Good morning, California.
This is Matt Levin, housing and data reporter for CALmatters. Around the Capitol I’m often known as “the numbers guy” or “the guy who’s always complaining about his rent” or “what’s-his-name with the beard sitting next to Dan Morain.” With a little help from my friends, I’ll be filling in for Dan today and tomorrow.
“I want to thank everybody for working across their differences. That was an important negotiation. And I look forward to signing that bill.”—Gov. Gavin Newsom on AB 392, which would raise California’s legal standard for police to use deadly force. The Assembly passed it last week after reaching a compromise between law enforcement and civil rights groups. Learn more about the behind-the-scenes negotiations from CALmatters’ Laurel Rosenhall on our excellent narrative podcast Force of Law.
Grim homelessness numbers
A homeless man sleeps on Seventh Street between J & K streets in Sacramento.
More depressing news on California’s spiraling homelessness problem.
After cities around the state reported huge upticks in the number of residents living on the street, in cars or in shelters, Los Angeles County—the epicenter of the state’s homeless population—finally reported its numbers yesterday. And those numbers are grim.
- The county’s homeless population grew 12% from last year, to nearly 59,000 people experiencing homelessness. The city of Los Angeles itself saw a 16% increase.
Los Angeles Mayor Eric Garcetti told the Los Angeles Times: “This work has never been for the faint of heart, and we cannot let a set of difficult numbers discourage us, or weaken our resolve.”
Check out this excellent explainer by LAist on the forces behind the trend, and why some city officials said they were “stunned” by the increase. The city of Los Angeles spent $619 million on the issue last year.
The surge in the state’s homeless population is becoming a growing political political problem for Gov. Gavin Newsom, especially as efforts to stem evictions and protect tenants against rising rents have fizzled in the Legislature.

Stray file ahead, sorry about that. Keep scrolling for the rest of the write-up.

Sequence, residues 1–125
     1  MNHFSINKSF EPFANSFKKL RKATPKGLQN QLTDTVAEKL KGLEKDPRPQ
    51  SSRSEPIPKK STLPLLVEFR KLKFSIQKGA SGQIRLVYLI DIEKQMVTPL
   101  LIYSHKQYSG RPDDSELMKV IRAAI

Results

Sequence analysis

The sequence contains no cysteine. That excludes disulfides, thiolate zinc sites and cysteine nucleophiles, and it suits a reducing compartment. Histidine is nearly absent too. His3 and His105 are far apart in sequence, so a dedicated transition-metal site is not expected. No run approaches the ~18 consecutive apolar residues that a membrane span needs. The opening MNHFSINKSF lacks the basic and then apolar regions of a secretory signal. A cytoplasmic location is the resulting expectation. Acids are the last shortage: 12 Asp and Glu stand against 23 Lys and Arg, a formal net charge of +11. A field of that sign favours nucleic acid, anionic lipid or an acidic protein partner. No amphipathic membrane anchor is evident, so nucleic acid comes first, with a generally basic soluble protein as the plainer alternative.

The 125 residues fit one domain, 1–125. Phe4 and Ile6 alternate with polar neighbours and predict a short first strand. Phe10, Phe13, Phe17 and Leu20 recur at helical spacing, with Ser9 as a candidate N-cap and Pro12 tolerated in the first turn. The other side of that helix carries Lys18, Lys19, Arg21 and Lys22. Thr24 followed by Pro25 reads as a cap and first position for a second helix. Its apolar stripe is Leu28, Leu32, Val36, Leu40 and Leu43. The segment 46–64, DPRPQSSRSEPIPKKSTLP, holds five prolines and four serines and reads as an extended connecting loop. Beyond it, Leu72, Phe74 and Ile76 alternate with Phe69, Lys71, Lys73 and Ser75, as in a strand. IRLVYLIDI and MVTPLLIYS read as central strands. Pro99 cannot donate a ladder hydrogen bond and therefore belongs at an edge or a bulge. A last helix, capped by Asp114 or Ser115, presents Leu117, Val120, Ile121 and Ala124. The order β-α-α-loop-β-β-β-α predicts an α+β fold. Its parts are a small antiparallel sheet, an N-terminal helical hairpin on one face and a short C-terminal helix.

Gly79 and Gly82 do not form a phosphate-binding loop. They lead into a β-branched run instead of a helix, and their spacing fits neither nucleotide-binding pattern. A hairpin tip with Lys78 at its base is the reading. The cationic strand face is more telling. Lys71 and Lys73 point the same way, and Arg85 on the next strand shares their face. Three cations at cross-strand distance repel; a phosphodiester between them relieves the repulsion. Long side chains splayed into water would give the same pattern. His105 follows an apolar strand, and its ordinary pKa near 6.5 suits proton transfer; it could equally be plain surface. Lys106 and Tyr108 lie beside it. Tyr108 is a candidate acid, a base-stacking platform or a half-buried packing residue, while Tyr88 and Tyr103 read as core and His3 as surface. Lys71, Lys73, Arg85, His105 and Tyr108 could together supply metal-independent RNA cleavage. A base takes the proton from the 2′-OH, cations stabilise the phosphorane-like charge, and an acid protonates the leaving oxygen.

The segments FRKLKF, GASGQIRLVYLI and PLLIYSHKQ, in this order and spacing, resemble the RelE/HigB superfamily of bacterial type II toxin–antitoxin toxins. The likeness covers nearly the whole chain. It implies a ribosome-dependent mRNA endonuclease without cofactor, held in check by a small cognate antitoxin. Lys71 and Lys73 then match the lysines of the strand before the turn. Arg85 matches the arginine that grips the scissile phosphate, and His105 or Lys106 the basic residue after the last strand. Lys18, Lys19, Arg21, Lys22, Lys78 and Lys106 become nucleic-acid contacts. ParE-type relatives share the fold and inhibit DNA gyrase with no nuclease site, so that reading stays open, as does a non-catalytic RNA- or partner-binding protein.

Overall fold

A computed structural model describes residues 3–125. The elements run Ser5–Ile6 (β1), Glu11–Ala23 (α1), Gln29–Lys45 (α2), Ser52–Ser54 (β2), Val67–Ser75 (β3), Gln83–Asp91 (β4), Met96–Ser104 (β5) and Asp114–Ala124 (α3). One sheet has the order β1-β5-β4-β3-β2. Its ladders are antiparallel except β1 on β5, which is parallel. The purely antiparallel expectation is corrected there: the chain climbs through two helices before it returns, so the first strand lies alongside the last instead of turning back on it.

- Newsom’s proposal to double state spending on homelessness to $1 billion should be settled in budget negotiations with lawmakers this month.
Newsom, in response to a question about the new numbers from the Los Angeles Times: “Well, look, I just got here and I think we have to do more, and I’ve been pointed about that. I don’t know that you’ve spent a week with me where you haven’t heard me talking about this issue.”
FSB Core Strategies: Public Affairs. Ballot Campaigns. Legislative & Regulatory Fights
Casinos fight to keep tax break
Native American tribes are lobbying to allow you to keep deducting gambling losses.
Say you have a good night at the casino and win $10,000, only to have your luck run out the next night and lose $12,000.
- You can deduct your losses against winnings and save yourself when state income taxes come due.
- That could be seen as a loophole tailored for casinos that depend on high-rollers. But loopholes are in the eyes of the beneficiaries, as Assemblyman Adam Gray, a Democrat from Modesto, is finding.
Gray, who chairs the committee that oversees gambling, is pushing legislation to eliminate the “net wagering losses” deduction.
Depending on how it’s viewed, that step would cost high-rollers $490 million or generate that amount for the state in the coming year, the Franchise Tax Board estimates.
- Gray proposes to earmark the money to pay for a new University of California teaching hospital at UC Merced and at UC Riverside, and provide clean water for a million Californians who cannot safely drink from their taps. His bill awaits an Assembly vote.
The influential Tribal Alliance of Sovereign Indian Nations, which represents tribes that own casinos, is not pleased:
“Although seemingly popular, elimination of this deduction will have consequences–primarily on tribal governments–which we have not had the opportunity to adequately analyze given the absence of any meaningful consultation with Indian tribes.”
Soaring college costs, explained
Higher ed in Calfornia is no longer the bargain it used to be.
Once, a California baby boomer, bolstered by the post-war economic boom and the state’s investment in public higher education, could emerge from college with little to no debt.
Today, students graduate with an average of more than $20,000 in debt. California offers more generous financial aid than most other states, but gone are the days of taking free college for granted. Studies show many students struggle to afford food and housing.
- How exactly did college costs get so high, and what are policymakers proposing we do about it?
- CALmatters higher education reporter Felicia Mello explains this situation.
Voters fill Senate vacancies
Democrat Lena Gonzalez has been elected to the state Senate.
Voters in south Los Angeles and the northeast tip of the state—or at least the small number who knew there was a special election happening—got a chance to fill two vacant state Senate seats Tuesday.
- Since former state Senators Ricardo Lara, Democrat from Long Beach, and Ted Gaines, Republican from Redding, were elected to higher office (Lara as Insurance Commissioner, Gaines to the Board of Equalization), the Legislature’s smaller chamber has been two politicians short of a full house.